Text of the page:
Academic Editors: Ichiro Wakabayashi and Klaus Groschner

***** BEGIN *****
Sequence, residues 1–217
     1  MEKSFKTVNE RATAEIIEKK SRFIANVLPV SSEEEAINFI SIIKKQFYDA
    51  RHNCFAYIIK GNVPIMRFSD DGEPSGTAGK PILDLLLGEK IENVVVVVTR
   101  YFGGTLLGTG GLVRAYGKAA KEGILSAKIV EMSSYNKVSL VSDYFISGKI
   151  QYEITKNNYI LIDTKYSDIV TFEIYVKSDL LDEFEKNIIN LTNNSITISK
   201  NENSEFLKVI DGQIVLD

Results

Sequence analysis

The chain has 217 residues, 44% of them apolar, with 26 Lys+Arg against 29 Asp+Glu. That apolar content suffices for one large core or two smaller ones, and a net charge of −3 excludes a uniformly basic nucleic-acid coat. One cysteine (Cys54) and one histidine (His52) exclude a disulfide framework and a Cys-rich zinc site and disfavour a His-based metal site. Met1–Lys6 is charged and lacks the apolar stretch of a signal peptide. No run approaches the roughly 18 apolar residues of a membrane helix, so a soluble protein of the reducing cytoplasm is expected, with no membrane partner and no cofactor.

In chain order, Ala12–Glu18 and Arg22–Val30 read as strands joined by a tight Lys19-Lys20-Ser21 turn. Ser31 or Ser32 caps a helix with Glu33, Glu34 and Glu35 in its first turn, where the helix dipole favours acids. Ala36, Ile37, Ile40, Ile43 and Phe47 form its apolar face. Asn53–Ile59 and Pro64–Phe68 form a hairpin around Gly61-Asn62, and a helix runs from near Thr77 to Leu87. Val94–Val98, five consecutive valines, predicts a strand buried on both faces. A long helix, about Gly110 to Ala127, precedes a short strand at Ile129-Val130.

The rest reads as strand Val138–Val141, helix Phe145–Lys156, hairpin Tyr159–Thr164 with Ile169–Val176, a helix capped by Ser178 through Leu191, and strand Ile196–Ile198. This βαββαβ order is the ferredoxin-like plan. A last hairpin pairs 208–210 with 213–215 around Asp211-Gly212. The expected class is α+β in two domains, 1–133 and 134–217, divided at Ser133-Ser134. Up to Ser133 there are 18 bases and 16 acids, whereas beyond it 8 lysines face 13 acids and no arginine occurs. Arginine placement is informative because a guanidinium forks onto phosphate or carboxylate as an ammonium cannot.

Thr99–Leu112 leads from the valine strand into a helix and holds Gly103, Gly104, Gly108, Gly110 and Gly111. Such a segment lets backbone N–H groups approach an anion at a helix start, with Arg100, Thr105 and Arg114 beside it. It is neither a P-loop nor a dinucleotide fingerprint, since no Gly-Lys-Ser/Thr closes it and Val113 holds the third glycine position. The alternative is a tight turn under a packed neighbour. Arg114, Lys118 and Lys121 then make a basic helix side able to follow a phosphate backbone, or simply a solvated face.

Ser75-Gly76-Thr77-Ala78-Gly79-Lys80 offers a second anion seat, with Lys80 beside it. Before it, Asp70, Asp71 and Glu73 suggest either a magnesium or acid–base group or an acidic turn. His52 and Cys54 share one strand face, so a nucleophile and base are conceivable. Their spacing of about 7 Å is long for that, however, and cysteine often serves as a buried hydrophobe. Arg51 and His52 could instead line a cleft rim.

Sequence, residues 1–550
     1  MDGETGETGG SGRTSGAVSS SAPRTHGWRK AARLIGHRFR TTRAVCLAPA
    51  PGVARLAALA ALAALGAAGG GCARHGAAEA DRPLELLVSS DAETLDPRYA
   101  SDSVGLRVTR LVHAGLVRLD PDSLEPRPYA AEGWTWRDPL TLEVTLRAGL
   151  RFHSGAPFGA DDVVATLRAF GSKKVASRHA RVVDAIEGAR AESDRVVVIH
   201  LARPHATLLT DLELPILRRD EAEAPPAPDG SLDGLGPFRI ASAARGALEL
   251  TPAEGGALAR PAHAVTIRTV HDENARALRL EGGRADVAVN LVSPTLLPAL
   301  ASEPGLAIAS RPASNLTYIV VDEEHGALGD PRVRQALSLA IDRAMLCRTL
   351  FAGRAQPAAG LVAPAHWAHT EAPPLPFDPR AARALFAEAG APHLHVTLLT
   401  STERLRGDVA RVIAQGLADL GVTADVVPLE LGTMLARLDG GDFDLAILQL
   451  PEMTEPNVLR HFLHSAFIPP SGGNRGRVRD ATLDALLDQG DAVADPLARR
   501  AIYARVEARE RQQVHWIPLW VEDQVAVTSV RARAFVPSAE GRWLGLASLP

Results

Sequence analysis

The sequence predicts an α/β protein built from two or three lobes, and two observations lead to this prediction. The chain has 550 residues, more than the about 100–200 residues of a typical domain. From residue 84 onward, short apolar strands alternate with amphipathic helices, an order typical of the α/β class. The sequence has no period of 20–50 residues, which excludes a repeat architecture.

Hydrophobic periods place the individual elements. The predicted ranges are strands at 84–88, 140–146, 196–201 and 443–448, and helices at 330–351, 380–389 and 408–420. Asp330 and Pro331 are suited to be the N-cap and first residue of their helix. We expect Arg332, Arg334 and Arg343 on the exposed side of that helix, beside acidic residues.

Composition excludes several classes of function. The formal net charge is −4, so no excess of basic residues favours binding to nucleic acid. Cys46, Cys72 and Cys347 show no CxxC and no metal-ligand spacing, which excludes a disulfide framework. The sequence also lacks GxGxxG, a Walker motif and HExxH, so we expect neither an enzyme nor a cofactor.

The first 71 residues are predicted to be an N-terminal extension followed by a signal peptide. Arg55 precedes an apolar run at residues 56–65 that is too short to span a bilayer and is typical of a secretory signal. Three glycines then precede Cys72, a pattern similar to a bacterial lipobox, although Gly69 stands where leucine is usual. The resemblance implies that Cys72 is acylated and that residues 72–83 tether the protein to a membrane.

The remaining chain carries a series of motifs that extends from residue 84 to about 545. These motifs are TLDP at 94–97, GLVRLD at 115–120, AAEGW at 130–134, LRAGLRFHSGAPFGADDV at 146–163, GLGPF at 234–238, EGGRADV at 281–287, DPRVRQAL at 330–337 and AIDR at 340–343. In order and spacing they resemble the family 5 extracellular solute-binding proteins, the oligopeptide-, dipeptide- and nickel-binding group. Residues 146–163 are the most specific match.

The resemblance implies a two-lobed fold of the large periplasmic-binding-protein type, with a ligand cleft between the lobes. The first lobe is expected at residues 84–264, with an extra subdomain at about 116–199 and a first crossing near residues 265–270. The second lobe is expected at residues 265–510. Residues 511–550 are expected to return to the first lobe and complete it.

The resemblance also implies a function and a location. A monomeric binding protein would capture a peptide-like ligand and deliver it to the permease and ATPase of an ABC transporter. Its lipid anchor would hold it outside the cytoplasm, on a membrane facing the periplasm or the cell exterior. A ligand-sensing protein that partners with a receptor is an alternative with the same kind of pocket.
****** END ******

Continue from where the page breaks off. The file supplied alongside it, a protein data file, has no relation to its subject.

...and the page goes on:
Abnormal or excessive accumulation of adipose tissue leads to a condition called obesity. Long-term positive energy balance arises when energy intake surpasses energy expenditure, which increases the risk of metabolic and other chronic diseases, such as atherosclerosis. In industrialized countries, the prevalence of coronary heart disease is positively correlated with the human development index. Atherosclerotic cardiovascular disease (ACD) is among the primary causes of death on a global scale. There is evidence to support the notion that individuals from varied socioeconomic origins may experience varying mortality effects as a result of high blood pressure, high blood sugar, raised cholesterol levels, and high body mass index (BMI). However, it is believed that changes in the concentration of trace elements in the human body are the main contributors to the development of some diseases and the transition from a healthy to a diseased state. Metal trace elements, non-metal trace elements, and the sampling site will be examined to determine whether trace elements can aid in the diagnosis of atherosclerosis. This article will discuss whether trace elements, discussed under three sections of metal trace elements, non-metal trace elements, and the sampling site, can participate in the diagnosis of atherosclerosis.